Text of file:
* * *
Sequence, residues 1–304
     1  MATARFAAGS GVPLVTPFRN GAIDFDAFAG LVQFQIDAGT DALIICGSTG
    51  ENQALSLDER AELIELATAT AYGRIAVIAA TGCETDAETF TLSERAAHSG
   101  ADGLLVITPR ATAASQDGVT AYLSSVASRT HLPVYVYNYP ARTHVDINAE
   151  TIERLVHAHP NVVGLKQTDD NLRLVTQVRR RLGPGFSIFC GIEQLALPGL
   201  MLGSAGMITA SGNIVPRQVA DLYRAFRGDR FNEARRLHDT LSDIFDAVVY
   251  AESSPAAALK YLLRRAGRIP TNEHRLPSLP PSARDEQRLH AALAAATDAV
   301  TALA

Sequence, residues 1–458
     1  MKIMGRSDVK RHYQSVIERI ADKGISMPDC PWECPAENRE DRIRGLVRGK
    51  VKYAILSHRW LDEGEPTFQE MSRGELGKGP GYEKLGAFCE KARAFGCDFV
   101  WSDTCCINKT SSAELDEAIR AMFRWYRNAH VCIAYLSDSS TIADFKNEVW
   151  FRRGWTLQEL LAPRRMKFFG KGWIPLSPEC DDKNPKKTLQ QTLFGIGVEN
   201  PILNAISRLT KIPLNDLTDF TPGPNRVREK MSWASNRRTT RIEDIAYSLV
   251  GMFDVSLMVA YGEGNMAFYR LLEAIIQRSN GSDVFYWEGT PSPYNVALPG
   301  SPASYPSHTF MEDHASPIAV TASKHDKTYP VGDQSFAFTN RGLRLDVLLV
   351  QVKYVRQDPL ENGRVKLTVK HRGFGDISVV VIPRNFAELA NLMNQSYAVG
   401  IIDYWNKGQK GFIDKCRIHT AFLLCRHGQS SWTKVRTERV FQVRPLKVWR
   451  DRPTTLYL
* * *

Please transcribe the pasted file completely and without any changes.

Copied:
Sequence, residues 1–304
     1  MATARFAAGS GVPLVTPFRN GAIDFDAFAG LVQFQIDAGT DALIICGSTG
    51  ENQALSLDER AELIELATAT AYGRIAVIAA TGCETDAETF TLSERAAHSG
   101  ADGLLVITPR ATAASQDGVT AYLSSVASRT HLPVYVYNYP ARTHVDINAE
   151  TIERLVHAHP NVVGLKQTDD NLRLVTQVRR RLGPGFSIFC GIEQLALPGL
   201  MLGSAGMITA SGNIVPRQVA DLYRAFRGDR FNEARRLHDT LSDIFDAVVY
   251  AESSPAAALK YLLRRAGRIP TNEHRLPSLP PSARDEQRLH AALAAATDAV
   301  TALA

Sequence, residues 1–458
     1  MKIMGRSDVK RHYQSVIERI ADKGISMPDC PWECPAENRE DRIRGLVRGK
    51  VKYAILSHRW LDEGEPTFQE MSRGELGKGP GYEKLGAFCE KARAFGCDFV
   101  WSDTCCINKT SSAELDEAIR AMFRWYRNAH VCIAYLSDSS TIADFKNEVW
   151  FRRGWTLQEL LAPRRMKFFG KGWIPLSPEC DDKNPKKTLQ QTLFGIGVEN
   201  PILNAISRLT KIPLNDLTDF TPGPNRVREK MSWASNRRTT RIEDIAYSLV
   251  GMFDVSLMVA YGEGNMAFYR LLEAIIQRSN GSDVFYWEGT PSPYNVALPG
   301  SPASYPSHTF MEDHASPIAV TASKHDKTYP VGDQSFAFTN RGLRLDVLLV
   351  QVKYVRQDPL ENGRVKLTVK HRGFGDISVV VIPRNFAELA NLMNQSYAVG
   401  IIDYWNKGQK GFIDKCRIHT AFLLCRHGQS SWTKVRTERV FQVRPLKVWR
   451  DRPTTLYL